Mostly Credited As: Ronnie Barker
Sometimes Credited As: Jonathan Cobbald
Ronnie Barker O.B.E.
O.B.E. Ronnie Barker
Birth Name: Ronald William George Barker
Date Of Birth: September 25, 1929 (Age 76)
Country Of Birth: United Kingdom
Birth Place: Bedford, Bedfordshire, England
Date Of Death: October 03, 2005
Cause Of Death: Heart Problems (Adderbury, Oxfordshire, England)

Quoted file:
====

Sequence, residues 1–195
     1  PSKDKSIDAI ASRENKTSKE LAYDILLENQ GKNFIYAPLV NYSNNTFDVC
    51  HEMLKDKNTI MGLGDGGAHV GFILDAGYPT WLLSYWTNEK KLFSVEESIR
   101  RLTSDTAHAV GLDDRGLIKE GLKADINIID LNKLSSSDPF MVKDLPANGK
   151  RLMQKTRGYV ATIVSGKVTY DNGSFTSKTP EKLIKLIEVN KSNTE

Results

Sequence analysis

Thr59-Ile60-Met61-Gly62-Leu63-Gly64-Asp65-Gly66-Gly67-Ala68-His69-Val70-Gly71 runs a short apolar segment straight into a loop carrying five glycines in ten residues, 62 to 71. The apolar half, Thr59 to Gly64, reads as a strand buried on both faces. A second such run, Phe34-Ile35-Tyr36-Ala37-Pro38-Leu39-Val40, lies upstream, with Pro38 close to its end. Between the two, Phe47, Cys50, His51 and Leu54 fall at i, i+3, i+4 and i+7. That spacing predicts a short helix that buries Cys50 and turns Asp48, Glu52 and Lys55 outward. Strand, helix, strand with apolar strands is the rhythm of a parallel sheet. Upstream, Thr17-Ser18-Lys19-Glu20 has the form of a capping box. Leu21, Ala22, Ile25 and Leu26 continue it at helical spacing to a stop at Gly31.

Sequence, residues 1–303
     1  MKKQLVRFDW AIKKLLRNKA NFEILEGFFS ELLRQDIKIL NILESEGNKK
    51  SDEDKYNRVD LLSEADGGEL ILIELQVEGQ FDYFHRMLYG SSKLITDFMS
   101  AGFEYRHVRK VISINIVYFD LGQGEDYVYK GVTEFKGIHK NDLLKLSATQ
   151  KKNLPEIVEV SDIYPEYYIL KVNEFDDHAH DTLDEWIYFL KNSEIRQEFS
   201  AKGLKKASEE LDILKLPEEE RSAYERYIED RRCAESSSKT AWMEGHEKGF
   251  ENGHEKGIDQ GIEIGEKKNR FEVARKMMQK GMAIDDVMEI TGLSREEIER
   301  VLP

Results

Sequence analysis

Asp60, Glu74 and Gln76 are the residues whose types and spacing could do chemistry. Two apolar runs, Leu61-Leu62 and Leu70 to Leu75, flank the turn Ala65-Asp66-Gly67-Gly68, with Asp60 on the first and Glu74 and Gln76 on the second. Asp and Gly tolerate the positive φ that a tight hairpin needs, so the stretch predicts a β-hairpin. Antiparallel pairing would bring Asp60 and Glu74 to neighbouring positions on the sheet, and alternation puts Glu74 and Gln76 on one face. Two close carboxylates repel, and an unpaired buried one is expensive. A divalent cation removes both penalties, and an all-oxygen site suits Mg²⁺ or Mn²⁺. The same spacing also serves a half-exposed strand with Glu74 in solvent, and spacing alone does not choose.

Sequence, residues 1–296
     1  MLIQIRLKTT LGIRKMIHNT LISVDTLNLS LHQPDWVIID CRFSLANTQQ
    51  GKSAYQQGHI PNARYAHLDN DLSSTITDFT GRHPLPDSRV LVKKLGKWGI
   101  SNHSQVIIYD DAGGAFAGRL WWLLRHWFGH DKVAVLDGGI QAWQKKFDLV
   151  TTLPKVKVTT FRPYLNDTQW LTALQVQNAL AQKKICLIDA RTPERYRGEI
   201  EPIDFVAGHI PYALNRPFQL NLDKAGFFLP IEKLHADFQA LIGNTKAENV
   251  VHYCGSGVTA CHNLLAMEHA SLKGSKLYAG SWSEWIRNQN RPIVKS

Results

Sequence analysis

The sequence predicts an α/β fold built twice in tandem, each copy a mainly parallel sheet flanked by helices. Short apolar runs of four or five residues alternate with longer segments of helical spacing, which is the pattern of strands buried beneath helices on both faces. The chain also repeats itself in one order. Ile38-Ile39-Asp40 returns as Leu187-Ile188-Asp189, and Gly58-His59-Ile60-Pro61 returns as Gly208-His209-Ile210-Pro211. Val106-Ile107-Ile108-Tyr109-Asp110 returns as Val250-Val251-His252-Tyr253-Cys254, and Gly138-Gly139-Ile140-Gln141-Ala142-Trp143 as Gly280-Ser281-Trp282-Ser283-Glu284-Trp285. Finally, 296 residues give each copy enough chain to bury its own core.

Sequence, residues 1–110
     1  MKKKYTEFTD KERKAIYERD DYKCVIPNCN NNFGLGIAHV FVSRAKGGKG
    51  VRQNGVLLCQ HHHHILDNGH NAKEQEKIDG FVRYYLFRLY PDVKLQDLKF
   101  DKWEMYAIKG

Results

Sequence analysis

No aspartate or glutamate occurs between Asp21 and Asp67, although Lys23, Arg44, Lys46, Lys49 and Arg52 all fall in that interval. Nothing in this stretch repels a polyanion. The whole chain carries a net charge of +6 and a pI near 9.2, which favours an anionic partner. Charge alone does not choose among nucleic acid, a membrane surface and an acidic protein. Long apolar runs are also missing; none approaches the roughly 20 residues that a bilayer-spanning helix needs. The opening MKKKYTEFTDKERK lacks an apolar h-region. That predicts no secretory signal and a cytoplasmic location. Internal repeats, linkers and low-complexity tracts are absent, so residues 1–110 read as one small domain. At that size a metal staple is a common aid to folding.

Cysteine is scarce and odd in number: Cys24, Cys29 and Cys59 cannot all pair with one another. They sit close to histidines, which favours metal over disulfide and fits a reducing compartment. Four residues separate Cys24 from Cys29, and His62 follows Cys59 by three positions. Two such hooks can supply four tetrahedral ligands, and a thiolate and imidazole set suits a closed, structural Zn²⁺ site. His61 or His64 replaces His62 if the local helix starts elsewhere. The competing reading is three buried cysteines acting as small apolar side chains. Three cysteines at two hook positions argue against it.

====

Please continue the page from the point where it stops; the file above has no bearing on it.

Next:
Ronnie Barker's remarkable versatility as a performer can be traced back to his time in repertory theatre, where he was able to play a wide range of roles and develop his talent for accents, voices and verbal dexterity. It was during this time that he met Glenn Melvyn, who taught him how to stammer (something he would later use to great effect in the sitcom "Open All Hours" (1973)). Melvyn also gave Ronnie his break into television by offering him a role in "I'm Not Bothered" (1956). During the 1960s, Ronnie became well-established in radio, providing multiple voices for "The Navy Lark" and working with comedy great Jon Pertwee. He also became a regular face on television, appearing in "The Frost Report" (1966) (perhaps most memorably in a sketch about Britain's class system, with John Cleese and Ronnie Corbett) and playing character roles in "The Saint" (1962) and "The Avengers" (1961). In 1971, Ronnie teamed up with Ronnie Corbett again, this time for a BBC sketch series called "The Two Ronnies" (1971). This series proved enormously popular, continuing until the late 1980s. In addition to "The Two Ronnies", Barker starred in the popular BBC sitcoms "Porridge" (1973) (as a cockney prisoner) and "Open All Hours" (1973) (as a stammering Northern shopkeeper). In fact, only Leonard Rossiter could be said to have rivalled him during this time for the crown of British television's most popular comedy star. In 1982, he revived silent comedy in By the Sea (1982). Despite his extrovert performances on television, Barker remained a quiet, retiring individual in his personal life, much preferring to spend time with his family rather than mix with the celebrity crowd. This humility, combined with memories of his extraordinary abilities, meant that he continued to be greatly respected by his fellow professionals. In a BAFTA special shown by the BBC in 2004, stars as diverse as Gene Wilder, Peter Kay and Peter Hall paid tribute to his contribution to comedy and British television in general. Ronnie Barker died on 3 October 2005 after suffering from heart problems.